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Monday, 6 May, 2002, 09:14 GMT 10:14 UK
Jospin resigns after Chirac triumph
Jacques Chirac after winning election
Chirac's real challenge is to beat the left in June
Defeated socialist Lionel Jospin has formally resigned as French prime minister, two weeks after his shock elimination from the presidential race which Jacques Chirac went on to win by a landslide.

Mr Jospin travelled to the Elysee Palace on Monday morning to submit his resignation to Mr Chirac, who has won a new five-year term as president.

Mr Chirac took more than 82% of the vote in Sunday's second-round poll, leaving his National Front rival, Jean-Marie Le Pen, trailing on 18%.

Jean-Pierre Raffarin
French PM hopefuls
  • Jean-Pierre Raffarin: 53, senator and vice-president of the Liberal Democracy (DL) party
  • Nicolas Sarkozy: 47, mayor of the Paris suburb of Neuilly and member of President Chirac's Rally for the Republic (RPR)
  • Philippe Douste-Blazy: 49, mayor of Toulouse and legislator

Mr Chirac was expected to name a new right-wing prime minister later on Monday.

The new appointee will be charged with leading the right into the June parliamentary election in the hope of dislodging the ruling left-wing coalition.

There are thought to be three front-runners for the job - Jean-Pierre Raffarin, Nicolas Sarkozy and Nicole Fontaine are all prominent politicians.

Mr Chirac trounced Mr Le Pen in Sunday's run-off vote after voters surged to the polls to keep out the far-right.

French opinion polls released on Sunday night suggested that centre-right parties backing the president would win a small majority in the National Assembly.

But the BBC's James Coomarasamy reports from Paris that many of those celebrating victory on Sunday night were cheering the defeat of the far right rather than the success of Mr Chirac.

'Booted out'

Crowds poured onto the streets of Paris as Mr Chirac hailed a defeat for "intolerance and demagoguery".

Results with 97% of votes counted
Jacques Chirac: 82.06 %
Jean-Marie Le Pen: 17.94 %

"We have gone through a time of serious anxiety for the country - but tonight France has reaffirmed its attachment to the values of the republic," he said.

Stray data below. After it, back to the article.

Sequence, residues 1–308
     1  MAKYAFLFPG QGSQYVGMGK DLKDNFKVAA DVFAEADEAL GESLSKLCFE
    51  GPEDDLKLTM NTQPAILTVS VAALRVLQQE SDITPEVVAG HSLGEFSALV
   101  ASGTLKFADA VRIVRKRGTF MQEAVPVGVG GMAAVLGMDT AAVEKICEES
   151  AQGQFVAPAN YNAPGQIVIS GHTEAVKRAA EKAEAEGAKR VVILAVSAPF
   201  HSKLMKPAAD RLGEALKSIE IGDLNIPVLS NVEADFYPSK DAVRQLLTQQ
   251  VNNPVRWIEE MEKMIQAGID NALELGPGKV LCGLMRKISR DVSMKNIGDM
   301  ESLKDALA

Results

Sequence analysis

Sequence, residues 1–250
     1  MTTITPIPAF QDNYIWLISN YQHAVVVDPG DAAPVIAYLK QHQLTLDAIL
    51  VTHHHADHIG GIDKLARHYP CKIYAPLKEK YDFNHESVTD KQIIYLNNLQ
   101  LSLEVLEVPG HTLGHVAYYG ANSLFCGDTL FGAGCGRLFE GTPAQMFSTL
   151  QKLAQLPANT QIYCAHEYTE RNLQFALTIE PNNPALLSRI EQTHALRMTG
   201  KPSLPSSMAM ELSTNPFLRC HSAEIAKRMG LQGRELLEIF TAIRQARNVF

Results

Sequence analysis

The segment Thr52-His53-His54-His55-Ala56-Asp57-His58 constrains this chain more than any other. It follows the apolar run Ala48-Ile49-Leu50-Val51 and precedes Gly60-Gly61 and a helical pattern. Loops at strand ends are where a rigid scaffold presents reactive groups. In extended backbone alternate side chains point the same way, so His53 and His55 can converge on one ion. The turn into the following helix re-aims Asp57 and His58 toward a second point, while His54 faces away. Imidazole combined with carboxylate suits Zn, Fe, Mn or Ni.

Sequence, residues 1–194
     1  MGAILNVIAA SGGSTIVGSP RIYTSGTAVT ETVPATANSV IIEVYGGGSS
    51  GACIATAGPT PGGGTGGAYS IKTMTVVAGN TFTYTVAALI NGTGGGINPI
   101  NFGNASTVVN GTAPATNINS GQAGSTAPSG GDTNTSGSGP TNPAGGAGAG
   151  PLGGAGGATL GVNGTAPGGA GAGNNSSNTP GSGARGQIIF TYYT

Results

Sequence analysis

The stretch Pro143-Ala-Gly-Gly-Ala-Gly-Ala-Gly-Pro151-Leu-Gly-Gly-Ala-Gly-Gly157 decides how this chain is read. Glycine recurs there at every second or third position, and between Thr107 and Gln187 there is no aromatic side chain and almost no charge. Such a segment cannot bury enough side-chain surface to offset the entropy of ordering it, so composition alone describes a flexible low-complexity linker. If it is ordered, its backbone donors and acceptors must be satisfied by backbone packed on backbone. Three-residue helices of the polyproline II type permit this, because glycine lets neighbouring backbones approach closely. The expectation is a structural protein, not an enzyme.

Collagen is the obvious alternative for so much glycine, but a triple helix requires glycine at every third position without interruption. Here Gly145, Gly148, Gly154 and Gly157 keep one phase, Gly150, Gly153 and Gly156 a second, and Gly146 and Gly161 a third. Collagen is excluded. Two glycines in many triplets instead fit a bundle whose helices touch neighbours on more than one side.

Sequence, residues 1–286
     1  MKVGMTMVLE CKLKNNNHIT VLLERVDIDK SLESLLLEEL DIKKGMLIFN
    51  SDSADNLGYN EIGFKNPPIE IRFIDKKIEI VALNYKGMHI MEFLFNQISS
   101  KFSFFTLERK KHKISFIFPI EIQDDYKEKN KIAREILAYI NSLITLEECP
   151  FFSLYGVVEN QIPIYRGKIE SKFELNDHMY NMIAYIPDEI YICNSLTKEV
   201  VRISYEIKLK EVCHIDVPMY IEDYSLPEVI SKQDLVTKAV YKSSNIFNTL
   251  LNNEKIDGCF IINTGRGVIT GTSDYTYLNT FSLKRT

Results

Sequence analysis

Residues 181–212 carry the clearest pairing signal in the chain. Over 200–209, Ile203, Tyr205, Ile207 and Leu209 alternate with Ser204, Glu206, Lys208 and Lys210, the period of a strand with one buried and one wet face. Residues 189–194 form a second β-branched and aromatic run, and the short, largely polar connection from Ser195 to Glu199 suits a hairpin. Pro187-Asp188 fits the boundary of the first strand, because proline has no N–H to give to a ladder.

UK Prime Minister Tony Blair described the result as "a victory for democracy and a defeat for extremism", while European Commission president Romano Prodi said the French people had demonstrated that their nation belonged to the heart of Europe.

There had been almost daily anti-Le Pen protests in France between the two rounds of voting, with 1.3 million demonstrators pouring on to the streets on May Day alone.

"The French people wanted to teach the politicians a lesson in the first round but this time they wanted to boot out the extreme right and they did it," said Dany-Lois Sabarroli, a schoolteacher who took to the streets Paris to hail the result.

Chirac needs to take the concerns of his country far more seriously

Michael, Canada

Mr Le Pen admitted defeat, calling it a setback for "the hopes of the French" - but he pointed out his share of the vote had risen from the 16.86% achieved in round one.

Saying that France was in the hands of "robbers" - a reference to sleaze allegations that have dogged President Chirac - he pledged to continue the fight in next month's parliamentary election.

Mr Chirac scored a mere 20% in the first round - a record low for a front-runner - but his margin of victory in the second round was the biggest ever in a French presidential election.

Chirac's plans

Mr Chirac has already served as president for seven years, but for most of that time he has been little more than a figurehead leader as a result of "cohabitation" with a Socialist government.

In his victory speech, he said the top priority for the new government would be the fight against crime.

"Freedom means security, it means the fight against violence... Reducing violence is the first priority of the state in the times to come," he said.

Some observers have suggested that Mr Le Pen's success could cause the left to bounce back for the June vote - which Socialists are referring to as the "third round" of the presidential election - resulting in another period of cohabitation.

To register a protest at the absence of a left-wing candidate, some voters wore gloves or pegs on their nose as they cast their ballot.

The BBC's Janet Barrie
"This has been an exceptional election"
President Jacques Chirac
"We have just lived through a time of grave uncertainty for the nation"
Jean-Marie Le Pen, National Front leader
"The result I have obtained is remarkable, it places us as the main political force"
National Front deputy leader Bruno Gollinisch
"You can't suppress a strong political trend such as ours"

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06 May 02 | Europe
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